Successful 5G Testing at 2.5 GHz for Qualcomm, Ericsson

Testing 5G signals

Encouraging breakthroughs found with both Qualcomm and Ericsson as they were able to reach speeds topping out at 2,500 Mbps using 2.5 GHz spectrum. This is important because as carriers continue to push for nationwide coverage with improvement in speeds, mid-band 5G spectrum will come to play a larger role throughout the United States.

The test took place in July in a lab located in Beijing using Qualcomm’s Snapdragon X60 Modem-RF system and infrastructure from Ericsson. This test could be the first successful one of its kind in TDD 2.5 GHz band. The method used was a 5G standalone carrier aggregation (CA), which uses multiple spectrum channels by combining them. After successes in helping bolster 4G networks into LTE, the method is gaining traction to do the same for 5G. Even Verizon has reported speeds of 4,200 Mbps earlier this year when it combined eight channels of high-band spectrum during a partnership with Samsung and Qualcomm.

Using mid-band spectrum is a growing trend for most of the world despite the U.S. seeing more growth in low-band and high-band spectrum. The tides may be turning, however, with an FCC auction that is seeing billions pour in for the rights to mid-ba nd spectrum. These bands of 5G will help carriers and operators transmit 5G networks with faster speeds than most can currently network but without some of the speed that high-band networks offer. Currently, T-Mobile is the sole mid-band 2.5 GHz provider in America. The wireless giant completed a merger with Sprint earlier this year and has no plans of slowing down with thousands of mid-band sites planned for deployment by the end of this year.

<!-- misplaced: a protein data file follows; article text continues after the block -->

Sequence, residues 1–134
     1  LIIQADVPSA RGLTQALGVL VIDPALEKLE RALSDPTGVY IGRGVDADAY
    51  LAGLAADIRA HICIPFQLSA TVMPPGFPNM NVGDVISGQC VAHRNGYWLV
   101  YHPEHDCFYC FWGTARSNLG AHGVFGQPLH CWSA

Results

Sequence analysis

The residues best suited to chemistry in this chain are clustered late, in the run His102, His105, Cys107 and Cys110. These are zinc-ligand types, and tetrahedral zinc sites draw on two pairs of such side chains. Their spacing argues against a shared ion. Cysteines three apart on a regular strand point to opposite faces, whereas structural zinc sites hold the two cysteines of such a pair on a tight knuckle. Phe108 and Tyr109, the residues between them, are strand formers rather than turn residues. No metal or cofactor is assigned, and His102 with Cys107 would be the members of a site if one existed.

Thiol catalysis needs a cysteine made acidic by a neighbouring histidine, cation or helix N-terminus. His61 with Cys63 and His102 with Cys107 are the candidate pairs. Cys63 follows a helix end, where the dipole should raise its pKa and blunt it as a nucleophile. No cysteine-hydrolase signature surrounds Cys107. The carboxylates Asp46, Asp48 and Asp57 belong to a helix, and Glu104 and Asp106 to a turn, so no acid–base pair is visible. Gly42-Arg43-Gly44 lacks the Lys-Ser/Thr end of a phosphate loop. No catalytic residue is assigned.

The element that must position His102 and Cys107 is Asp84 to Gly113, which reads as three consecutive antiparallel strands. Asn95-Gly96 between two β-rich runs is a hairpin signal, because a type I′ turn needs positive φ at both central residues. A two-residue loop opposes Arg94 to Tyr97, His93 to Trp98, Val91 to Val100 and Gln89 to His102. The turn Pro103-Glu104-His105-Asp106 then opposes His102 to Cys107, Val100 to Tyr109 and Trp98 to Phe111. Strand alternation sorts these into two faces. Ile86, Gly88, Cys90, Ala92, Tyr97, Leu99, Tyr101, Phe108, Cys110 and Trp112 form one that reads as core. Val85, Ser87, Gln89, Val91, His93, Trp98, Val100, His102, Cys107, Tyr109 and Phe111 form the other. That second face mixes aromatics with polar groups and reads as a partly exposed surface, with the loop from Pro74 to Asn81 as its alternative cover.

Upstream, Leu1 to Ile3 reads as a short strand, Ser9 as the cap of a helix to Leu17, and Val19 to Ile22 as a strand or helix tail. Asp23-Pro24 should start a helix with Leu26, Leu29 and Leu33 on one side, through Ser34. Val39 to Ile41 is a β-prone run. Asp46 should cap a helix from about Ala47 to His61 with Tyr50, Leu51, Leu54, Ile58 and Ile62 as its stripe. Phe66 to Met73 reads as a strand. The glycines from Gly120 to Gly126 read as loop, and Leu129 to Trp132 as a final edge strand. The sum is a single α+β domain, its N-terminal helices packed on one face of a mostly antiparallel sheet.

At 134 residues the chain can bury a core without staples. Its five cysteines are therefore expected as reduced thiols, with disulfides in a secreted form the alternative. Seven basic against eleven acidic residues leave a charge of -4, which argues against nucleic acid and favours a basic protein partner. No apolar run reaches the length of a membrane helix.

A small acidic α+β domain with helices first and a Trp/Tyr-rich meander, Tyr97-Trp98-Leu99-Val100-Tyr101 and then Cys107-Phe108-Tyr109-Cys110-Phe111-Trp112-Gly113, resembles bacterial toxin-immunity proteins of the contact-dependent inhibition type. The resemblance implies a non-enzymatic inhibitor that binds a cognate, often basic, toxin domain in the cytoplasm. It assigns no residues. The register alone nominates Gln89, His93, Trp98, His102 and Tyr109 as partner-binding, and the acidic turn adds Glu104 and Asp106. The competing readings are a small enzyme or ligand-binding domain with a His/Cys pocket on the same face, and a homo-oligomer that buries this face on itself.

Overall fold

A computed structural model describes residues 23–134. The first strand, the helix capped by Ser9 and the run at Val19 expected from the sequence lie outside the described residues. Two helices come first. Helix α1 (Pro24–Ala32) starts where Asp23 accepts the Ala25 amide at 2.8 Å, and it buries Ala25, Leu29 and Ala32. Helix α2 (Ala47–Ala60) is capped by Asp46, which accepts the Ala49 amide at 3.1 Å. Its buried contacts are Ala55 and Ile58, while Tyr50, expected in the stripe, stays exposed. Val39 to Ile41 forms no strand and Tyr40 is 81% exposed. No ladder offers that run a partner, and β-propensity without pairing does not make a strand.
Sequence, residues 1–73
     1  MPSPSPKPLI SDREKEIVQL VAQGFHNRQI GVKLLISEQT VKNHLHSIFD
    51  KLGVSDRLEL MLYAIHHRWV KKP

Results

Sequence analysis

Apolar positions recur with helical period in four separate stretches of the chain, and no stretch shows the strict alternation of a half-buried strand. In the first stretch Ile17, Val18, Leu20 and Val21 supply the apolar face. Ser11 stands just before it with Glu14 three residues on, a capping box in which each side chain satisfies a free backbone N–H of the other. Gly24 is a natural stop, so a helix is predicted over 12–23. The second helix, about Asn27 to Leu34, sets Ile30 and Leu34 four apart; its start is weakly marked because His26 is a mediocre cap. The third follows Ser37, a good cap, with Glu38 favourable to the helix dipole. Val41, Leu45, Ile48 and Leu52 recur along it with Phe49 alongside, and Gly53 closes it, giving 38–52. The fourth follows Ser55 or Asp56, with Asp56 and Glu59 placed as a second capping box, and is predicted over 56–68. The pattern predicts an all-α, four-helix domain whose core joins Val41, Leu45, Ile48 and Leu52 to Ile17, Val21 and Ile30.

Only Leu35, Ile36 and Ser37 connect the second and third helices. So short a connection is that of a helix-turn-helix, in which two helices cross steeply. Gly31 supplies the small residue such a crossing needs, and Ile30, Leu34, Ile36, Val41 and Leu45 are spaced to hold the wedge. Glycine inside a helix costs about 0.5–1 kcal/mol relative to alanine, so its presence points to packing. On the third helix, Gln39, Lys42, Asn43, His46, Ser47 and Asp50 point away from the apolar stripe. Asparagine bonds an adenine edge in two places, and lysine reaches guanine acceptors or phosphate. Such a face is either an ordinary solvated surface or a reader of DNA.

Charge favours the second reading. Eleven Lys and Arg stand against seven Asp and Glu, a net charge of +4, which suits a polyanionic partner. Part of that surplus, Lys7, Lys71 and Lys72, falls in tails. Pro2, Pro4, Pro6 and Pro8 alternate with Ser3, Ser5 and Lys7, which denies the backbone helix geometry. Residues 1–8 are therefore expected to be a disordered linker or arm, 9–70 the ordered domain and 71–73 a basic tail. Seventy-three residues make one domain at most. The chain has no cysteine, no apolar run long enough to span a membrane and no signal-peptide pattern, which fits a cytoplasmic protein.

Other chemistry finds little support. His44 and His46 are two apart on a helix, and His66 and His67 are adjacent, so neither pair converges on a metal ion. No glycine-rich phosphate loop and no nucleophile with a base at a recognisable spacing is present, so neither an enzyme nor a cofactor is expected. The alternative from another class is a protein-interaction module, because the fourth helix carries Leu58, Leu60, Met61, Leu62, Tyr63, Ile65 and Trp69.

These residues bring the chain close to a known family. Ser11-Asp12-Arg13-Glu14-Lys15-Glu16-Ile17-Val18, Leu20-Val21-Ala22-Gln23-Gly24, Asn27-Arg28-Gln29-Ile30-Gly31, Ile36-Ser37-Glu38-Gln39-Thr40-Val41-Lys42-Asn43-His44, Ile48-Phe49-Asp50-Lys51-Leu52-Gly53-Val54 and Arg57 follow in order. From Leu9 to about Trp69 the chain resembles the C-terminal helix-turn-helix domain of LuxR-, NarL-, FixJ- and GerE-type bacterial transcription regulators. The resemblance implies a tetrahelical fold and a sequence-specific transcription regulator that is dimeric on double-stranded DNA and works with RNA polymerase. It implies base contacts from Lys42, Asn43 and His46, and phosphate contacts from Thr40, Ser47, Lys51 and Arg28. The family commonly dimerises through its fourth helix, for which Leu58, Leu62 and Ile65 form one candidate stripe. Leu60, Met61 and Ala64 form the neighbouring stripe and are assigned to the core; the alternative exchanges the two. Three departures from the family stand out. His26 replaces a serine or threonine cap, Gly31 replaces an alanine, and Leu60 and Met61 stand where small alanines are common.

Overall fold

The final quarter of 2020 is indeed promising to be a strong one for 5G with Ericsson planning to offer 5G NR carrier aggregation by the end of the year. Lee Forland and Raquel Herranz of Ericsson brought attention to some of the more striking features that the company’s product would provide in a blog post. “Today, most common 5G NR deployments use the dual connectivity configuration between the mid-band and LTE low-band to establish non-standalone (NSA) 5G services. In contrast, our low/mid-band 5G carrier aggregation solution boosts mid-band coverage by up to 7dB versus traditional dual connectivity deployments – which, in simple terms, is equivalent to a 25 percent increase in population coverage.”

Having users on mid-band as opposed to low-band will allow for more network capacity and with companies like Nokia also seeing successes, implementing more mid-band as it becomes available will be a welcomed sight for carriers and consumers alike. Companies are still working to deliver faster speeds and to bolster their networks by relying on LTE less and providing a more comprehensive 5G experience for users. T-Mobile launched the first standalone 5G network in the U.S. this year with breakthroughs occurring with Verizon and AT&T as well.

Source: Fierce Wireless